“The guys who can push themselves — day in and day out — and find a way to get better, even if it’s something super small, hopefully it makes a difference in the end.”

Nanny hit .394 for his high school career, including .452 with a career-high 38 hits as a senior and earned honorable mention on the 2017 Indiana High School Baseball Coaches Association Class 4A all-state team. 

Originally committed to the University of Evansville, Nanny played one junior college campaign at Arizona Western and hit .347 with 11 doubles, one triple, one home run, 34 runs batted in and 46 runs scored to go with 39 walks and a .487 on-base percentage in 57 games.

At NCAA Division I Western Carolina in Cullowhee, N.C., he started 50 times as a sophomore (42 in right field, seven at first base and one at designated hitter) and batted .320 with seven homers, 19 doubles, 31 RBIs, 22 walks and a .403 OBP.

Nanny played in all 15 games before the season was halted, starting 12 in the outfield and three at first base. He batted .211 (12-for-57) on the shortened season with four doubles and seven RBIs while scoring 12 runs.

“I had some uneasiness about how the spring went,” says Nanny. “I had two really good weeks and I had two really bad weeks. I really couldn’t get into a rhythm. It was good-bad-good-bad. 

“I had a 1-for-14 stretch at the end that didn’t sit too well with me. I thought I had put in a lot of work to be ready for the season and it didn’t happen.”

Not that he would go back and change it.

“It helped me figure out what I really do to be successful,” says Nanny. “I learned from it. I grew from it.

“I’m a way better baseball player now because of that struggle.”

Nanny was selected to play in the Collegiate Summer Baseball Invitational June 4-6 in Bryan, Texas.

What’s the baseball future hold?

“The way the world is right now, you’ve got to be ready for anything,” says Nanny, who has two years of college eligibility remaining thanks to an extra year granted by the NCAA with a big portion of 2020 being wiped away. “I don’t want to rule anything out. It’s very different times to say the least.

“If I go back to Western Carolina, I go back to Western Carolina. If I sign (a pro contract), I sign. I don’t know what’s going to happen. I’m prepared for anything that comes my way.”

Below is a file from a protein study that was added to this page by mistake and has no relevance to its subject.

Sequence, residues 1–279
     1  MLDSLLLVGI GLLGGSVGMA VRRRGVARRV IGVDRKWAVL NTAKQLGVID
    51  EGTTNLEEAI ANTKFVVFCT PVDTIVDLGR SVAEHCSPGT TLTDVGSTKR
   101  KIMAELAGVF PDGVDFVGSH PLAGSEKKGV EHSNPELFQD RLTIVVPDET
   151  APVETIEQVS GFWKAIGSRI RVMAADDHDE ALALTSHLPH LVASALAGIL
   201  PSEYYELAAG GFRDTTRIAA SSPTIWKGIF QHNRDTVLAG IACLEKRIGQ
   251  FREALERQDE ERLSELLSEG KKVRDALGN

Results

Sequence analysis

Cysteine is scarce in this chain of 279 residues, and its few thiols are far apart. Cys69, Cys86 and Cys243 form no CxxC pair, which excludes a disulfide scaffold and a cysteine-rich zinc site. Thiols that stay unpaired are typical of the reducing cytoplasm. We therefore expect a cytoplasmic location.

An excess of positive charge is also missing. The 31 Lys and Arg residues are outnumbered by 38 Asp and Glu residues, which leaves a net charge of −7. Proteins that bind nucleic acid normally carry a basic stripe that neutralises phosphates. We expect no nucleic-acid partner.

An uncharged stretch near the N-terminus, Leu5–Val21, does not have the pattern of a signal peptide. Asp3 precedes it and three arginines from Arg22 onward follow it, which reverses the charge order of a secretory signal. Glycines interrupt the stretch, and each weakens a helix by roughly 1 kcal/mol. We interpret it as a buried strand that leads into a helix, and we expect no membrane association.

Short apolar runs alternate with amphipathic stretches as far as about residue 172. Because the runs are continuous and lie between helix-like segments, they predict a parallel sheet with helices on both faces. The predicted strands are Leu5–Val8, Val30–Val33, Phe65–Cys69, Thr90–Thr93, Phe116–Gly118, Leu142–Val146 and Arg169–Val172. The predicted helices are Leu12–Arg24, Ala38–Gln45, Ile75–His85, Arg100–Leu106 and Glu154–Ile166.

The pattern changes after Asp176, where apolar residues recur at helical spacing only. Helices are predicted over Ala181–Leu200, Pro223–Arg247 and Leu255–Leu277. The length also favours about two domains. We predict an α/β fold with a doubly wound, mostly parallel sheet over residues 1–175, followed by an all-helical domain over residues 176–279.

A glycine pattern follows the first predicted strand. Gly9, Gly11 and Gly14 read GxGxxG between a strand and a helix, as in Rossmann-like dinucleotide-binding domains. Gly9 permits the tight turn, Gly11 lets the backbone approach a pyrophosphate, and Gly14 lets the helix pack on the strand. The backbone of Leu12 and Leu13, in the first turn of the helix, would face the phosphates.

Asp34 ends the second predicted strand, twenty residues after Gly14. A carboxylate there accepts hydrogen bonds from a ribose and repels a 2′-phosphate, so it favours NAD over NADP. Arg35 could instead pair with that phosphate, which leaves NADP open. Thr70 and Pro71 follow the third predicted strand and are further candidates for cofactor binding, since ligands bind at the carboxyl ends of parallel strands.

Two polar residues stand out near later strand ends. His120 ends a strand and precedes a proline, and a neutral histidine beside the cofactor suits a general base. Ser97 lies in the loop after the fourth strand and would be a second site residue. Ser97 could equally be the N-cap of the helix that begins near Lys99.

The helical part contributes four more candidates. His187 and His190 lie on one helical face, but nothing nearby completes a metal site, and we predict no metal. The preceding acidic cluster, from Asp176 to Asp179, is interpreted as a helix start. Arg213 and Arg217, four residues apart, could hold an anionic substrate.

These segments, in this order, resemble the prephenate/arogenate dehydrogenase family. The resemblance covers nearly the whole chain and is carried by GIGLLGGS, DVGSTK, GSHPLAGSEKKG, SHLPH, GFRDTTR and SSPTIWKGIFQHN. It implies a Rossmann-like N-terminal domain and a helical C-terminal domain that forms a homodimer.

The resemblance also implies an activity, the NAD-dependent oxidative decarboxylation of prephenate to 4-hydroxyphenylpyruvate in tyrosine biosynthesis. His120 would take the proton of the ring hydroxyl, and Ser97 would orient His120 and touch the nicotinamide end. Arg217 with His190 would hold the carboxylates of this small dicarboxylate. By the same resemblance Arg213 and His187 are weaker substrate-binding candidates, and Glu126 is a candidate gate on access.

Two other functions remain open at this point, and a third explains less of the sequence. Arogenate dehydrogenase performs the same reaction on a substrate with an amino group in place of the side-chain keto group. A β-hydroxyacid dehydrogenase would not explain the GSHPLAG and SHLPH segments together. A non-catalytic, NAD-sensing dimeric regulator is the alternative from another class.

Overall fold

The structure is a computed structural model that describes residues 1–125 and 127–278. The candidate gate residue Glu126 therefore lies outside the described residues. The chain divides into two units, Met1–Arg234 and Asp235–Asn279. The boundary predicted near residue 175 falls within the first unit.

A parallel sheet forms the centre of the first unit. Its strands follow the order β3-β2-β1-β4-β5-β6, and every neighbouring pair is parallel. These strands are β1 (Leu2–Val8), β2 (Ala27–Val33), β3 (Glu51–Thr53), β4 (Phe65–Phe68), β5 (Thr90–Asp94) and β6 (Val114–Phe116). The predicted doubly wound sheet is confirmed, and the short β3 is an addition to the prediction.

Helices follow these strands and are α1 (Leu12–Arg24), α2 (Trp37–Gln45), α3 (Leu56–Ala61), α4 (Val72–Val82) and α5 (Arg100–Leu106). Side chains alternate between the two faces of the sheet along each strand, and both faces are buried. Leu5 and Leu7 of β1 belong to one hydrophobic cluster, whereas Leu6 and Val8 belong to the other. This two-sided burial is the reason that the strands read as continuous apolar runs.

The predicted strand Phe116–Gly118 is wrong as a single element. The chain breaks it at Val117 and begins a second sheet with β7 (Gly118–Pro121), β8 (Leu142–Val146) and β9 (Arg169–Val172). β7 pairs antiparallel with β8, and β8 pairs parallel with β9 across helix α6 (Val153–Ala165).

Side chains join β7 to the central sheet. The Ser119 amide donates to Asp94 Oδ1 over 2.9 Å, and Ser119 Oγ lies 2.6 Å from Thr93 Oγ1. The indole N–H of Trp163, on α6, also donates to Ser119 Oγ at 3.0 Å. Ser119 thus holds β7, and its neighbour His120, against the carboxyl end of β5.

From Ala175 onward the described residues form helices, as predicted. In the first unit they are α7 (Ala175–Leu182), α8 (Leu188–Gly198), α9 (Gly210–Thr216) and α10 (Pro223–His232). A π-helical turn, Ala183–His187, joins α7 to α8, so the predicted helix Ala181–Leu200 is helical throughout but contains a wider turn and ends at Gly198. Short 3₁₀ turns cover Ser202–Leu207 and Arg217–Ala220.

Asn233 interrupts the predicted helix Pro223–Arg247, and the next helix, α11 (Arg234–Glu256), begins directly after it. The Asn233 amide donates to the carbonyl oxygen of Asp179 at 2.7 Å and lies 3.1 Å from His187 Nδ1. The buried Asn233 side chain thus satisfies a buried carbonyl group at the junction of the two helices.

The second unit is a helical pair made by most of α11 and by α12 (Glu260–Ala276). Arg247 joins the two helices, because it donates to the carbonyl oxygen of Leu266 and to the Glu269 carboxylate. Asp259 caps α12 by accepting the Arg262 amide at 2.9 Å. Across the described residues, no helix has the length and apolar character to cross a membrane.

Nanny is one year away from a Psychology degree. What he learns in the class room — or online — he tries to apply to his daily life, including on the diamond.

“I find myself learning about the mental side of the game more,” says Nanny.

One of his favorite books is “Chop Wood Carry Water: How to Fall in Love with the Process of Becoming Great” by Joshua Medcalf.

“I read it once every couple months,” says Nanny. “It’s a very interesting book that gave me a whole different perspective on how to go through the day in and day out of the baseball grind and how to mentally be able to stay at an even keel level.

“This game is hard and it’s easy to let the game get you down. The game’s going to hit you and you have to be ready for it.

“You have to control the things you can control you can control on a daily basis to give yourself the best chance for success. Once you take that swing or the ball leaves your hand, it’s out of your control. You have to be OK with that.”

Nanny notes that “Chop Wood Carry Water” is not a sports book.

“It’s more of a life book, honestly,” says Nanny. “I don’t get too into sports psychology. I try to keep it as basic as possible.

“It’s finding the simplicity within the complexity.”

Born in Indianapolis, Nanny moved from the Ben Davis to the Plainfield school district as a middle schooler. From the age of 13, he played travel baseball with the Indiana Outlaws (now known as the Evoshield Canes Midwest).

Three men who made an impact on his early baseball career and life are David Bear, Jeff McKeon and Zeke Mitchem.

Bear, who is head baseball coach at Ben Davis High School, was a travel coach for Nanny for multiple summers.

McKeon, who is head coach at South Putnam, was head coach at Plainfield High School when Nanny was active with the Quakers.